MS Awareness Week
Multiple sclerosis, often abbreviated to MS, is a neurological condition that affects the central nervous system (the nerves in the brain and spinal cord). The first signs of multiple sclerosis are different for each person and correspond to the area(s) of their brain and/or spinal cord which have been affected.
There is a wide range of possible symptoms but most people experience only a small number around the time of diagnosis and won't go on to experience them all. Some of the most common first symptoms are fatigue (a kind of exhaustion which is out of all proportion to the task undertaken), stumbling more than before, unusual feelings in the skin (such as pins and needles or numbness), slowed thinking or problems with eyesight. There are other symptoms of MS but these are less commonly experienced early in the course of the condition.
All of these early symptoms can also be symptoms of other conditions. If you are worried that you may have warning signs of MS, it is important to consult a health professional so that you can get the correct diagnosis.
Bowel Cancer Awareness Month
Bowel cancer is the fourth most common cancer in the UK and the second biggest cancer killer. Every year over 41,000 people are diagnosed with the disease. However, it is treatable and curable, especially if diagnosed early.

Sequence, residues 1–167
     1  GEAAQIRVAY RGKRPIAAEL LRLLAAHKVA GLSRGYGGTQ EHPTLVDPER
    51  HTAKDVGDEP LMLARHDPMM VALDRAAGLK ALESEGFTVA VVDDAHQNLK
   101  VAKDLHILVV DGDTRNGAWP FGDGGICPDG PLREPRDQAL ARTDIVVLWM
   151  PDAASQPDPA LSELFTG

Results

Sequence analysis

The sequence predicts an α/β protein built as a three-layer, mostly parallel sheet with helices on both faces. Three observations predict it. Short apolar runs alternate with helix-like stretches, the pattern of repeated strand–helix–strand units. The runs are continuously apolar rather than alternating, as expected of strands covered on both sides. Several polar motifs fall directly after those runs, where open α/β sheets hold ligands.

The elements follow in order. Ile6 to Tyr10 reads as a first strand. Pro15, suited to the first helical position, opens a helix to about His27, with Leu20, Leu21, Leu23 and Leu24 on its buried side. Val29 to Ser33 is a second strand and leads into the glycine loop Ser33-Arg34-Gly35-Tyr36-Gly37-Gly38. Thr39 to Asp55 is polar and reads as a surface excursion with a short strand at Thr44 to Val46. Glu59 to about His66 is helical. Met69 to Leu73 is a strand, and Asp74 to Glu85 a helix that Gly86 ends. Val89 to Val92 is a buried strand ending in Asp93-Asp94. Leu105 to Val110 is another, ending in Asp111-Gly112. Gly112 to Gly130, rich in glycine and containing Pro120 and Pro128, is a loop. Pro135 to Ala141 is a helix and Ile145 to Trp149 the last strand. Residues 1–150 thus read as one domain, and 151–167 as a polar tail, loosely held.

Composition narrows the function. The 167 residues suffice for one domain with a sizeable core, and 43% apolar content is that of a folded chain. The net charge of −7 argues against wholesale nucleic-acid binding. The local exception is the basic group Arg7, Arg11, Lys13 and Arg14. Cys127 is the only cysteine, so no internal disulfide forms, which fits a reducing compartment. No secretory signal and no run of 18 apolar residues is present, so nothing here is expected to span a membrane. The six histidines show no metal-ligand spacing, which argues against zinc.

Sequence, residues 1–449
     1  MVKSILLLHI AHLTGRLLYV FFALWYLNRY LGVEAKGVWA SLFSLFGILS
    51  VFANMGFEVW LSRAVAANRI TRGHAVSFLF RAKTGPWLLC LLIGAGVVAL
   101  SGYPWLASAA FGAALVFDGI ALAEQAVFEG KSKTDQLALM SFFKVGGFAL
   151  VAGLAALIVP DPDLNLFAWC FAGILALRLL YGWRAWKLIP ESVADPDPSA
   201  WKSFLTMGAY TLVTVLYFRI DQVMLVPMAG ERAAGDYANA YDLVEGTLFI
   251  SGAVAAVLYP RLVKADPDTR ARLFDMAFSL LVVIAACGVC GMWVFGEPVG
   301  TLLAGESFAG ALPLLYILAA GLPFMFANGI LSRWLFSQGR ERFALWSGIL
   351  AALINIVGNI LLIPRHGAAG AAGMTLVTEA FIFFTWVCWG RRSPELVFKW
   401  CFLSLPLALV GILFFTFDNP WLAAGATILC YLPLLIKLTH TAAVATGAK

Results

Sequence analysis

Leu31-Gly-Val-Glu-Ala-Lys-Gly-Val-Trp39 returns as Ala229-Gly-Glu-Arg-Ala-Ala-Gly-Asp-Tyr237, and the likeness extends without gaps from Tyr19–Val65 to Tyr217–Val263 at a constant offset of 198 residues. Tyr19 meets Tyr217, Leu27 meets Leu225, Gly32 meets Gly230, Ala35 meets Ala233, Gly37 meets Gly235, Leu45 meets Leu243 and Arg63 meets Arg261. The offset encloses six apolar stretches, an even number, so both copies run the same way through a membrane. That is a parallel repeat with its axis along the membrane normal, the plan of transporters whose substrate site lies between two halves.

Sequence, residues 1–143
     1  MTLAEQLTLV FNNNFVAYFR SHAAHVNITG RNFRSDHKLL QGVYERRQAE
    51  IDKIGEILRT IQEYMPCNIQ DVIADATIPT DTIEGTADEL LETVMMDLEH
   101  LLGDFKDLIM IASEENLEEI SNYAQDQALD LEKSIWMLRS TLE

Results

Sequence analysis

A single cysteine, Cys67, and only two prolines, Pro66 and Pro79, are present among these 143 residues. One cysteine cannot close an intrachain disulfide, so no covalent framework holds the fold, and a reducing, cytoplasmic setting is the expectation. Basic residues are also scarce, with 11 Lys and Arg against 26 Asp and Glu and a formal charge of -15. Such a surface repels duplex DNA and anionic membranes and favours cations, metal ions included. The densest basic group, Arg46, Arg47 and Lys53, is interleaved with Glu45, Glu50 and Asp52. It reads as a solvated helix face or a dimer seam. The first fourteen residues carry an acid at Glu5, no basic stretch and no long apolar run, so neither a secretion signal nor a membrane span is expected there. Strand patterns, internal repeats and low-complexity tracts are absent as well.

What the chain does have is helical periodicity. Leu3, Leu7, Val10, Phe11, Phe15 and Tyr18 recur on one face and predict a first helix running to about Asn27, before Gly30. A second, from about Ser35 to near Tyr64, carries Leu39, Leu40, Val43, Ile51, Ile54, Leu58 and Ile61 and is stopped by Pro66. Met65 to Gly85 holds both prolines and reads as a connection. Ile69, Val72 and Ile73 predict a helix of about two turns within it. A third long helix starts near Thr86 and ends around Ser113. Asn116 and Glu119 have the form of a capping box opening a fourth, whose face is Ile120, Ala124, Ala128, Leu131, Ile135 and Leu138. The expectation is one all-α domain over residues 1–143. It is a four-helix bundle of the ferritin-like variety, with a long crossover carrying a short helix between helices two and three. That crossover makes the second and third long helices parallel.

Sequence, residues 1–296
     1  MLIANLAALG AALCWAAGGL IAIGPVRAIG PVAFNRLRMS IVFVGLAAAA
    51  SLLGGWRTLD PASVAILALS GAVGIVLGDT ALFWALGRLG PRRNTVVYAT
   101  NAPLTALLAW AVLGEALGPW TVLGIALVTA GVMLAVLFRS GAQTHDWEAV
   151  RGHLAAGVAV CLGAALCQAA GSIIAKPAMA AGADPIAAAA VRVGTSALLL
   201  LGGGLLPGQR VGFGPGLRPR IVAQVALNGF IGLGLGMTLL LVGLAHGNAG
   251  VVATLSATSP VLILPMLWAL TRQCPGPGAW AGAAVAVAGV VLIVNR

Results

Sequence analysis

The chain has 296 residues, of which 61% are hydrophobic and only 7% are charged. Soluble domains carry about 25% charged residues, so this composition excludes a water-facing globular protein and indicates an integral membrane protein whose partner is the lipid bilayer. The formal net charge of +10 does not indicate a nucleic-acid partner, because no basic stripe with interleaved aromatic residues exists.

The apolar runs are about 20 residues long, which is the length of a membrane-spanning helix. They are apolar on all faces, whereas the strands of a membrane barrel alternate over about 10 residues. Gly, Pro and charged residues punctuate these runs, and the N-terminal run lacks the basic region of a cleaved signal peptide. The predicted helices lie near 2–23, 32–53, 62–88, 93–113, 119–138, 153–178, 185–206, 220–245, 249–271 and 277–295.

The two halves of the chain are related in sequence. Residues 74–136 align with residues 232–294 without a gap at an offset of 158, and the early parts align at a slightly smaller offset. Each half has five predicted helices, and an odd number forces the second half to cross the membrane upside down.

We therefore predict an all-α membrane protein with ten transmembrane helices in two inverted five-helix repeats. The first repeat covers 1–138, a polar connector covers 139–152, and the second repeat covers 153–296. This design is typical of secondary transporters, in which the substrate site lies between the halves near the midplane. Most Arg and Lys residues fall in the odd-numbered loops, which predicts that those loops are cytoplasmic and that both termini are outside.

Bowel cancer screening
If you are aged 60-74 and registered with your GP you will receive an NHS screening test in the post every two years. Screening can detect tiny amounts of blood in poo, which can’t normally be seen. Bowel cancer screening could save your life. For more information call the bowel screening helpline: 0800 707 6060
You are more at risk of getting bowel cancer if you have one or more of the following risk factors:
- Are 50 or over – the risk of bowel cancer increases with age, but it can affect people of any age
- A strong family history of bowel cancer
- A history of non-cancerous growths (polyps) in your bowel